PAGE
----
Following is a summary of current health news briefs.
Swiss, German drugmakers join U.S. price freeze
European drugmakers Roche, Bayer and Merck KGaA became the latest companies to freeze prices in the United States for the rest of 2018 following criticism by President Donald Trump over the cost of medicine. Roche did boost U.S. prices for nine key drugs by an average of 3 percent on July 1, but said it would hold off additional increases as discussions with the Trump administration continue over a longer-term solution to containing healthcare costs.
Agios Pharmaceuticals leukemia drug gets U.S. approval
Agios Pharmaceuticals Inc said on Friday the U.S. Food and Drug Administration approved its treatment for a type of leukemia, the first targeted drug for patients with a specific genetic mutation. The company plans to launch the drug, Tibsovo, in the United States in about 48 hours, Chief Executive Officer David Schenkein told Reuters.
EU drug regulators step up work to prepare for 'no deal' Brexit
Drug regulators across Europe are hiring extra staff and increasing their workload as the role of British experts in the EU-wide system of medicines supervision winds down ahead of Brexit. Although the UK's exit from the European Union is still eight months away, Britain has already stopped taking on new projects that will extend beyond March 29, 2019 and is preparing to hand over existing drug review work to other countries.
CPR training should change, and maybe there should be an app for that
To help more patients survive cardiac arrest, traditional CPR training needs an overhaul with more chances for practice - and instructions on social and digital platforms might help lessons stick, some doctors argue. Few Americans are trained in cardiopulmonary resuscitation, or CPR, and many people who do learn how to do this don't practice or take refresher courses over the years to keep their skills fresh. Improving CPR.training might help people retain these lessons longer and increase the long odds that cardiac arrest patients survive long enough to leave a hospital.
Bayer to phase out Essure birth control device in U.S.
Life sciences company Bayer AG said on Friday it would discontinue the sale of its birth control product Essure in the United States, citing a decline in sales of the implantable device that made the business no longer sustainable. The decision followed an announcement by the company in September 2017 that it would discontinue the sale of the contentious sterilization device in all countries outside the United States.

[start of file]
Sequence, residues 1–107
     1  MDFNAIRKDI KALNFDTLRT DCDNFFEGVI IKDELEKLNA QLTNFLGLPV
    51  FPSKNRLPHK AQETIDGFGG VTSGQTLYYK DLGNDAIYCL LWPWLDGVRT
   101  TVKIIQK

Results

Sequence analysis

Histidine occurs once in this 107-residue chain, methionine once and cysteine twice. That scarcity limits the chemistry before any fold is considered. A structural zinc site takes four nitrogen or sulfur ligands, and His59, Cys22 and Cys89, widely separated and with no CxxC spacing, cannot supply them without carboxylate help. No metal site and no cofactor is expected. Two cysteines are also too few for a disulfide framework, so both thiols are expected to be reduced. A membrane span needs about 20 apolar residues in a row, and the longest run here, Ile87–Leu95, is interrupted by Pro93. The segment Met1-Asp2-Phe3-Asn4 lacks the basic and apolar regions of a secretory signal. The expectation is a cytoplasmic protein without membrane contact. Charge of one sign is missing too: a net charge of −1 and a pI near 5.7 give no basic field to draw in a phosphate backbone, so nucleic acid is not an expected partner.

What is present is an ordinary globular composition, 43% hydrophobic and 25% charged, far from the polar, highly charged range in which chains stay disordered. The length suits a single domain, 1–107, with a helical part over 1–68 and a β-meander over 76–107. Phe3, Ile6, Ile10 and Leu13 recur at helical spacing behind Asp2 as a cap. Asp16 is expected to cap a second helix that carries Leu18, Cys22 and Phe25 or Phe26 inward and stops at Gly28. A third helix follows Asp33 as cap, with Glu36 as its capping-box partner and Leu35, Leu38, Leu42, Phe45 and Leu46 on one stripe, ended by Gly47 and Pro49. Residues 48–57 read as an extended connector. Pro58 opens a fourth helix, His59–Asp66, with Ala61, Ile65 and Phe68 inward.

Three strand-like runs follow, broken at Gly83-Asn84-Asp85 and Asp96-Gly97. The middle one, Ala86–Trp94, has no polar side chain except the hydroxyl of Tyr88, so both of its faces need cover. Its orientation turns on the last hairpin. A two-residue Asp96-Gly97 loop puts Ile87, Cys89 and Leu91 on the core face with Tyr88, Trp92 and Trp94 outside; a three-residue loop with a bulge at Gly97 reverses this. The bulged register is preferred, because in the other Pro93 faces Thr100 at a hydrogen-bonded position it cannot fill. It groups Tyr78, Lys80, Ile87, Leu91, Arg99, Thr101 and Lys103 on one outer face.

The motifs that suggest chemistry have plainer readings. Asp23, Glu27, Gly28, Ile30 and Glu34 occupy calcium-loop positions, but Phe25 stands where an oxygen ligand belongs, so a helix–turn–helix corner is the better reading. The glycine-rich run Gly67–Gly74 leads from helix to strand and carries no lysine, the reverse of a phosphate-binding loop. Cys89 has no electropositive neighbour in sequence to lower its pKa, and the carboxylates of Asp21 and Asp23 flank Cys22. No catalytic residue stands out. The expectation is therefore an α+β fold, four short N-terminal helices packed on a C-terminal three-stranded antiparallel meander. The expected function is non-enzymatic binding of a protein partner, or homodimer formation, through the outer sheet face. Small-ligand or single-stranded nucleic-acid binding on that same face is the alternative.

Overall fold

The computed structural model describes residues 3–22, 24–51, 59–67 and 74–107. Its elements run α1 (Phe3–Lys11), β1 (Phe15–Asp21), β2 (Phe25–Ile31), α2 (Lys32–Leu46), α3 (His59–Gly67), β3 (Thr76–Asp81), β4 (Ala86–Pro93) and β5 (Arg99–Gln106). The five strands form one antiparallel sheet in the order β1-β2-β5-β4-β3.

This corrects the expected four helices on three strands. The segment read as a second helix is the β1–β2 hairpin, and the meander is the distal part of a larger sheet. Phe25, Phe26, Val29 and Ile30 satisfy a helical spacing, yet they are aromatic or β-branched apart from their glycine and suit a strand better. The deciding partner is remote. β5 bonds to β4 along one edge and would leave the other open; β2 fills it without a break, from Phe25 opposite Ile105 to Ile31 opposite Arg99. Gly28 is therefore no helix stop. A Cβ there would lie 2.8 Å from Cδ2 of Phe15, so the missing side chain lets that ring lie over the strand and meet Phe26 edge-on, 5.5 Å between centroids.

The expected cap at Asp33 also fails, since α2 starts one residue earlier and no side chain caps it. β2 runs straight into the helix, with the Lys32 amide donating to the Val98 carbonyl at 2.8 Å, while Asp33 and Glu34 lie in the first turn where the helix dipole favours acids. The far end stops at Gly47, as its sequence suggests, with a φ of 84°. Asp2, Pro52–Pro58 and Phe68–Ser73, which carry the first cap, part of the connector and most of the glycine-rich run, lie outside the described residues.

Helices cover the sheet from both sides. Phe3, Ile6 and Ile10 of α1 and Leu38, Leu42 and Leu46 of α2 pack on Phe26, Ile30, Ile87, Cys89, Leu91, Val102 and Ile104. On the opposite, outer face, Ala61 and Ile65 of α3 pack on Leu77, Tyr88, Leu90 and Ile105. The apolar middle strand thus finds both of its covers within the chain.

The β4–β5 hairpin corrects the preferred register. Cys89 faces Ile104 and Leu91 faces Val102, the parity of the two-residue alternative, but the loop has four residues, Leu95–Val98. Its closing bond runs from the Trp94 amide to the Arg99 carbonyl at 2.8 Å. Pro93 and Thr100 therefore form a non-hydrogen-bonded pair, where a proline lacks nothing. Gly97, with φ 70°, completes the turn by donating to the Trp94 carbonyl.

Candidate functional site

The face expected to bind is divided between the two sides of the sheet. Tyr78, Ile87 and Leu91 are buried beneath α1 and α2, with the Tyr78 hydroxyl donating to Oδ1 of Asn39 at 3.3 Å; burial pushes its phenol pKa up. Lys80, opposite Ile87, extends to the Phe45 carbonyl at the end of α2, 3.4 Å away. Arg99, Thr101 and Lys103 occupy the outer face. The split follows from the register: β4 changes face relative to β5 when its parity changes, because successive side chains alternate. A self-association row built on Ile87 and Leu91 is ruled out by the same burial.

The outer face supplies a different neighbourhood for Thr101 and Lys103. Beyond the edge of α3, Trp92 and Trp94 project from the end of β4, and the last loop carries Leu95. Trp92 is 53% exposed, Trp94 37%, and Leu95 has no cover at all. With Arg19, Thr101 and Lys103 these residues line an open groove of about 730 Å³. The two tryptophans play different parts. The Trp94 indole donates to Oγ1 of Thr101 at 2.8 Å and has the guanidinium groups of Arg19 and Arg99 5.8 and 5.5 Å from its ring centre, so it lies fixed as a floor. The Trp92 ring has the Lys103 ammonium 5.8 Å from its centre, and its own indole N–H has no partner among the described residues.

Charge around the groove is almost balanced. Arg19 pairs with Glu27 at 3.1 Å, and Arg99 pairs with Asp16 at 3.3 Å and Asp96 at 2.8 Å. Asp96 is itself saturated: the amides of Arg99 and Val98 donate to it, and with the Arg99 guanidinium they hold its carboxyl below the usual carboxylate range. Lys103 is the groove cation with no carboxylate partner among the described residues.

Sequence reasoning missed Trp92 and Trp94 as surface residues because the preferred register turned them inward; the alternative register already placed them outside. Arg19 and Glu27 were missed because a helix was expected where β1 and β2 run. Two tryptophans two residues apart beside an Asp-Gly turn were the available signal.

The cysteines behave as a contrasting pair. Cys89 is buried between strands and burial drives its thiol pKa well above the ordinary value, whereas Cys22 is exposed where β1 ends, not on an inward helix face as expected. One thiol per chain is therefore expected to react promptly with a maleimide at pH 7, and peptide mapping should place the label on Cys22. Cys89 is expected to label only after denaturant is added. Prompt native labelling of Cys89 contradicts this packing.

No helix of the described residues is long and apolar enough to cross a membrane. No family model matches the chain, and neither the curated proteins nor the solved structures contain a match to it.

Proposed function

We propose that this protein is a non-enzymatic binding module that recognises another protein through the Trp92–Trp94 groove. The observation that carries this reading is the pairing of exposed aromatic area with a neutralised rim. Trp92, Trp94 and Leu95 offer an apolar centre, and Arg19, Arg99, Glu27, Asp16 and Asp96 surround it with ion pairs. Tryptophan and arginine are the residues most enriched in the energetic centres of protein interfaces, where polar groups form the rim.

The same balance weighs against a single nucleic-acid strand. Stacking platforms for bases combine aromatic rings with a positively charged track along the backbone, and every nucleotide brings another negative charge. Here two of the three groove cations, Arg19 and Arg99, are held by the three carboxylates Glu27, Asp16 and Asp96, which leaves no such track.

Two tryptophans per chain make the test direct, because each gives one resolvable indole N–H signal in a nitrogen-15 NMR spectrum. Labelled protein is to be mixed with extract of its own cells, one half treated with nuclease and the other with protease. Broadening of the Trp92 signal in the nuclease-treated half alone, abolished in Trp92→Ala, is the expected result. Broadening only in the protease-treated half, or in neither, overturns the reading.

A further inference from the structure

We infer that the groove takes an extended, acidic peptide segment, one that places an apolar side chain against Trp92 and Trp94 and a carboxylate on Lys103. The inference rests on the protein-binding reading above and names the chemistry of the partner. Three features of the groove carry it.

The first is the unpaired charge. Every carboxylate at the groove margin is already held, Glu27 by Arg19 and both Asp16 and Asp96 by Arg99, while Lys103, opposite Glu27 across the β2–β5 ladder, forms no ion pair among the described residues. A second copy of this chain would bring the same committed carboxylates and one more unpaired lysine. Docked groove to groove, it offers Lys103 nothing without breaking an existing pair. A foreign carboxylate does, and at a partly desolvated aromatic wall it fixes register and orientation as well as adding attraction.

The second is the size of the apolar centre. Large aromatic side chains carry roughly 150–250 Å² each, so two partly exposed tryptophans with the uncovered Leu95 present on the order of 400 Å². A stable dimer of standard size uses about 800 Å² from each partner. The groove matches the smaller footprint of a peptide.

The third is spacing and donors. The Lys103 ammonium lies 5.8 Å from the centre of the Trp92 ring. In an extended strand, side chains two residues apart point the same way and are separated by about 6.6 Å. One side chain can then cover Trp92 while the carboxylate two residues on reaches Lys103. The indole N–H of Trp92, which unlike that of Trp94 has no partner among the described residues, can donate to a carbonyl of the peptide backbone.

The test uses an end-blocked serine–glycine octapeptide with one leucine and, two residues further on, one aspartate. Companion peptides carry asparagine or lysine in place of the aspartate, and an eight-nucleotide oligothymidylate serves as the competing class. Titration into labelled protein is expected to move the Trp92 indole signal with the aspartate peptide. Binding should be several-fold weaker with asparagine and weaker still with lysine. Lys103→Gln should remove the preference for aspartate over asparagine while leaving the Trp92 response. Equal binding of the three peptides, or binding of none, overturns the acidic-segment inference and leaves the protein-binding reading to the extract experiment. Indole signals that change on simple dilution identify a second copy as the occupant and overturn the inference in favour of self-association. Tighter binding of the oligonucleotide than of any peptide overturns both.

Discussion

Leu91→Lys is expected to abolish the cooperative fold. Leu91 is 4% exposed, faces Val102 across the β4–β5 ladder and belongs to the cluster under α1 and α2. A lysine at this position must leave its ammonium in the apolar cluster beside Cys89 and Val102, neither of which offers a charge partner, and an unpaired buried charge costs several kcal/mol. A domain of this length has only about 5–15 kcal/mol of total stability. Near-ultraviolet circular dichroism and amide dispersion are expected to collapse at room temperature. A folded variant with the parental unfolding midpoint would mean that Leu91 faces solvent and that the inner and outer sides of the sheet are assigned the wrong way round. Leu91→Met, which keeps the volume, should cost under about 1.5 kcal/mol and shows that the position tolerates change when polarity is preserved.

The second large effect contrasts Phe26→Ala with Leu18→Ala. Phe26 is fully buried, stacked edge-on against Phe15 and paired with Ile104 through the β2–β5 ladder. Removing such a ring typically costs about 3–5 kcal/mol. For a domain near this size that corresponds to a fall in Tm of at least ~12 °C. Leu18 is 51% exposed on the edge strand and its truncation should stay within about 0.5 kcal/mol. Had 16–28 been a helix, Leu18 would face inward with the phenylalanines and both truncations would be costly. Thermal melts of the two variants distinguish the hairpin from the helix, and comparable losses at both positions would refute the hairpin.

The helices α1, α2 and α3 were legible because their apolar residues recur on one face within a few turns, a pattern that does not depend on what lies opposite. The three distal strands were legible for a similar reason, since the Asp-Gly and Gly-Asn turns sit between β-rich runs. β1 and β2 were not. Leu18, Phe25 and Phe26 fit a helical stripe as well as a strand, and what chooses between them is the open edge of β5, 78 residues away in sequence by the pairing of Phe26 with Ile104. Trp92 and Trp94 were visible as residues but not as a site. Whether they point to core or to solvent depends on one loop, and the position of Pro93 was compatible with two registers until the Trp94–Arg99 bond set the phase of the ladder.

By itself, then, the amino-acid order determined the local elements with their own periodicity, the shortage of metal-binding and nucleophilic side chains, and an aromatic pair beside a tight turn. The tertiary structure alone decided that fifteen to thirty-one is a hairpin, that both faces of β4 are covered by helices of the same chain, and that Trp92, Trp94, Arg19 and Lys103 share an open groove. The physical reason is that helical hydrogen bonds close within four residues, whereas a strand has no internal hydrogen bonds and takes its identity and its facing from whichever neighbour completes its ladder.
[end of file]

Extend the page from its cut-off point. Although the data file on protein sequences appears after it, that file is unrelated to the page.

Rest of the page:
Roche gets breakthrough status for Alzheimer's test Elecsys
The U.S. Food and Drug Administration has granted Roche an accelerated review for its Elecsys product used to diagnose Alzheimer's disease, the Swiss drugmaker said on Friday. The FDA gave breakthrough device designation to Elecsys, which examines the cerebrospinal fluid in adult patients with cognitive impairment who are being evaluated for Alzheimer's disease or other causes of dementia.
'Invisible' stool blood tied to increased risk of premature death
A screening test for colon cancer that looks for "invisible" blood in stool may also predict a heightened risk of premature death from other causes, a recent study suggests. Researchers examined data on 133,921 adults in Scotland who got screened for colon cancer using what's known as a fecal occult blood test (FOBT). When these tests are positive for blood in the stool, it can signal cancer, but it doesn't always mean people have tumors.
U.S. court rejects Allergan bid to shield patents through tribe deal
A U.S. appeals court on Friday rejected a novel strategy adopted by drug company Allergan PLC to shield patents from review by an administrative court by transferring them to a Native American tribe. The U.S. Court of Appeals for the Federal Circuit said a tribunal run by the U.S. Patent and Trademark Office has authority to review the validity of patents covering Allergan's dry eye drug Restasis.
Cigarette use declines among U.S. young women, but marijuana blunt use rises
Cigarette use decreased among young women - including pregnant women - during the past decade in the U.S., according to a new study. But, researchers found, use of marijuana blunts rose. A blunt is a cigar that's been hollowed out and filled with marijuana. Although researchers aren't sure about the health implications of the increase, they want to know more given the rapid changes in state marijuana laws, the study authors wrote in the American Journal of Public Health.
Honduras appeals WTO landmark ruling on Australia's plain tobacco packaging
Honduras has appealed against a WTO ruling won last month by Australia on its "plain" packaging requirements for tobacco, a WTO spokesman said on Friday. In a landmark ruling, the WTO panel said Australia's law improved public health by reducing the use of tobacco products, rebuffing claims that alternative measures would be equally effective.
(This story has not been edited by Devdiscourse staff and is auto-generated from a syndicated feed.)